Brix: What is It?

Brix: What is It?
Brix: What is It?

Brix is one of those topics that come up fairly frequently in sustainable agriculture.  Simply put, brix is a measure of the sugar content of a plant or other substance.

To be more specific, Brix expresses the weight of dissolved sugar as a percentage of the weight of the entire solution.  Pure water has a brix of 0%.  A solution of 5 grams of sugar to 95 grams of water would have a brix of 5%.

This measurement system was developed by and named for Austrian scientist Adolph Brix.

So how can this knowledge help us?

High-Brix Growing

Advocates of high-brix farming and gardening say that plants with high brix levels are vibrant and healthy—and vibrant, healthy plants resist insect pests and diseases.  They can also stand up to a light frost a little better.

High-brix fruits and vegetables generally have a sweeter, more appetizing flavor than their low-brix counterparts.  However, brix proponents claim that there are other benefits to growing and eating high-brix foods.  High-brix plants have a superior aroma and may be more digestible.  They may even have higher nutritional content (some caveats next week).

Brix can be used to positively determine if a fruit is ripe, as the sugar content of a fruit increases dramatically while ripening.

Finally, high-brix produce keeps surprisingly well.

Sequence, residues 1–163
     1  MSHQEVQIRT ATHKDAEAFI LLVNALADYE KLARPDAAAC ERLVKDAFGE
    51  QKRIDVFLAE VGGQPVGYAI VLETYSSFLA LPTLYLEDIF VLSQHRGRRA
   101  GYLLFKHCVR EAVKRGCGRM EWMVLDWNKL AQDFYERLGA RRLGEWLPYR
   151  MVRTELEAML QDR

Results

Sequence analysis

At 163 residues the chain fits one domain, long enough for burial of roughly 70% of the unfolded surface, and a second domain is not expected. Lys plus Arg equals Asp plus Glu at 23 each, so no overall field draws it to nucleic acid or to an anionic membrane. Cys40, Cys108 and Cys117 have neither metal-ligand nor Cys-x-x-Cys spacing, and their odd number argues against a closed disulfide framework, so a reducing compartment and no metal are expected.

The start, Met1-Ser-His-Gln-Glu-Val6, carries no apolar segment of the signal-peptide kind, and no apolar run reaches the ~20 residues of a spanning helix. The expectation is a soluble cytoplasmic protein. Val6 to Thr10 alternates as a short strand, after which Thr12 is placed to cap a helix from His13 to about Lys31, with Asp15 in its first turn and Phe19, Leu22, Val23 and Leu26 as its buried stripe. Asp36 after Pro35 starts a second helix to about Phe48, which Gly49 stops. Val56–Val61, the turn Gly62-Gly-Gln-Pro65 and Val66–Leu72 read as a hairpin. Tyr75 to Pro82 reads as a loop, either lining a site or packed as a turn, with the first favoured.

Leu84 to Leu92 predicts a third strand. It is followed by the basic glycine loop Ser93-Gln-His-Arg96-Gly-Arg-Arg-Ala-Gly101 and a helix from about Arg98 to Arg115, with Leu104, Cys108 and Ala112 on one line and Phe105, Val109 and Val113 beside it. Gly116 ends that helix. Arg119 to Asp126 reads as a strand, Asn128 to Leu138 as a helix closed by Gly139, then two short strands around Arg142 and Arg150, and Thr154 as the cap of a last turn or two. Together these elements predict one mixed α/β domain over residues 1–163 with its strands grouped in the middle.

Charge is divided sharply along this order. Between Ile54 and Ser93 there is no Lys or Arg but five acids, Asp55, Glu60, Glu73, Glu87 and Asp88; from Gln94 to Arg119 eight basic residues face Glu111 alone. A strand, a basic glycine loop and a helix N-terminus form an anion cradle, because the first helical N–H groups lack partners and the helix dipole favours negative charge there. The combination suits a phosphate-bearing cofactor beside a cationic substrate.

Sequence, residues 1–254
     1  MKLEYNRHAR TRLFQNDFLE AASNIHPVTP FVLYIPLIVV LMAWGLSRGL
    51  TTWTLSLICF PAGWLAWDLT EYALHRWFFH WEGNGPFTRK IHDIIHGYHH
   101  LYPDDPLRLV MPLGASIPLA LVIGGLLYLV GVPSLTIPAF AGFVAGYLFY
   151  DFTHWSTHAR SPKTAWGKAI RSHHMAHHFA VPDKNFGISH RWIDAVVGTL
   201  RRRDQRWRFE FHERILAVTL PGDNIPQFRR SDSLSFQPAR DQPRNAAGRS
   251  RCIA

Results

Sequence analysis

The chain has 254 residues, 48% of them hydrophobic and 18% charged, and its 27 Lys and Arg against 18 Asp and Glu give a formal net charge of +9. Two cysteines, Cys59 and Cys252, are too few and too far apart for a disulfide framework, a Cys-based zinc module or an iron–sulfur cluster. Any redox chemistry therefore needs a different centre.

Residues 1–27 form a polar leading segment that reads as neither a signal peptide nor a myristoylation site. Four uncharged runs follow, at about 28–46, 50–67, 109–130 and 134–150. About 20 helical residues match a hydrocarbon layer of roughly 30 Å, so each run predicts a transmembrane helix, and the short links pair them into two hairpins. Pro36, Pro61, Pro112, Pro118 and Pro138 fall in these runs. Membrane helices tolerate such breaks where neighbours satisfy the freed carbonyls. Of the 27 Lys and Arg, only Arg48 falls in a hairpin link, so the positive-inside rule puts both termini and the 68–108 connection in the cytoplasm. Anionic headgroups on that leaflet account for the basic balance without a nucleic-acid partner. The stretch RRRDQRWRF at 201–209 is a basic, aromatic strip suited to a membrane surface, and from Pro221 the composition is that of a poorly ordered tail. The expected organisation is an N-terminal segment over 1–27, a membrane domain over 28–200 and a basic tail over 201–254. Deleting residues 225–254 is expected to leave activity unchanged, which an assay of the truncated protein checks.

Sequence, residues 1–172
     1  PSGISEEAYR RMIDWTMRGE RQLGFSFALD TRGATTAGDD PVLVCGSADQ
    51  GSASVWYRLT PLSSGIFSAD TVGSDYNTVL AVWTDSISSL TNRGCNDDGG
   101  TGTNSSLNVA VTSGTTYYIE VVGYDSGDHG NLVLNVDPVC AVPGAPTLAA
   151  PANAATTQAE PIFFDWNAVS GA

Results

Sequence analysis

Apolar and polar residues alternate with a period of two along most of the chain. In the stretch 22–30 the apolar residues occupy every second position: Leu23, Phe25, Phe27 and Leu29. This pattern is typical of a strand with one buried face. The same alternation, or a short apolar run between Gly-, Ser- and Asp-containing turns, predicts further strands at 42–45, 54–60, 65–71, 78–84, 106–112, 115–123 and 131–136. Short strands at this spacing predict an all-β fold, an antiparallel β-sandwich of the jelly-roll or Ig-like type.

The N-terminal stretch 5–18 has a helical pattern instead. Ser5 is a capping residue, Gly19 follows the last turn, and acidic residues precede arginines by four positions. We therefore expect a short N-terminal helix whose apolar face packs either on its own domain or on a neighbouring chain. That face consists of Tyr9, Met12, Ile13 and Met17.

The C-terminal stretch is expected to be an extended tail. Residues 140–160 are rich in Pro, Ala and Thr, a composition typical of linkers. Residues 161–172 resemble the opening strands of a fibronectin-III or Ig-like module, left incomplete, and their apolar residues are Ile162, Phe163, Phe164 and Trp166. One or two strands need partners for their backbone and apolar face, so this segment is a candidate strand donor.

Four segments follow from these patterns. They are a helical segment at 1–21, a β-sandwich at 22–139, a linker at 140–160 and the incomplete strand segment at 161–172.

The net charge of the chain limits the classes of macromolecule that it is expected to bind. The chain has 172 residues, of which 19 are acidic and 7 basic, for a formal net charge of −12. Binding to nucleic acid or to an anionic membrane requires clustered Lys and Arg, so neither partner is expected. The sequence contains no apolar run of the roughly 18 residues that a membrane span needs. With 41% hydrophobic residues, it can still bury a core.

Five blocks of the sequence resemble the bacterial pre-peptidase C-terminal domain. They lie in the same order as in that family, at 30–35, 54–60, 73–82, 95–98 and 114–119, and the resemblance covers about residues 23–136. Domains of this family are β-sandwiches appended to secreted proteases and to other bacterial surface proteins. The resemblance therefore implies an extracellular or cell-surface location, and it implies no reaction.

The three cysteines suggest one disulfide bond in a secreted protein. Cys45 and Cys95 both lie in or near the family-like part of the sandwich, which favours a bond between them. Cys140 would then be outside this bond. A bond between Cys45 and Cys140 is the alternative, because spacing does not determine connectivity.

More Uses for Brix

But brix is not just a useful tool for those who grow plants.  If you raise livestock, you can also benefit from monitoring brix:

  • Beekeepers use brix to monitor honey quality.
  • In dairy cattle, brix is used to evaluate the nutritional content of colostrum fed to calves.
  • To all grazing animals, brix equals palatability.  When given a choice, livestock will always choose high-brix forages over low-brix forages.

Some consumers also shop for brix these days, tapping into the nutritional benefits of high-brix foods.  Besides testing fruits and vegetables for flavor and nutrition, they can also check honey and maple syrup for dilution.

Next week: How do we measure Brix?

Published by hsotr

Motivated by her experience growing up on a small farm near Wichita, Kansas, Michelle Lindsey started Homestead on the Range to supply Kansas country living enthusiasts with the innovative resources that they need to succeed and has now been keeping families informed and inspired for over five years. Michelle is the author of three country living books. She is also a serious student of history, specializing in Kansas, agriculture, and the American West. When not pursuing hobbies ranging from music to cooking to birdwatching, she can usually be found researching, writing, or living out the country dream.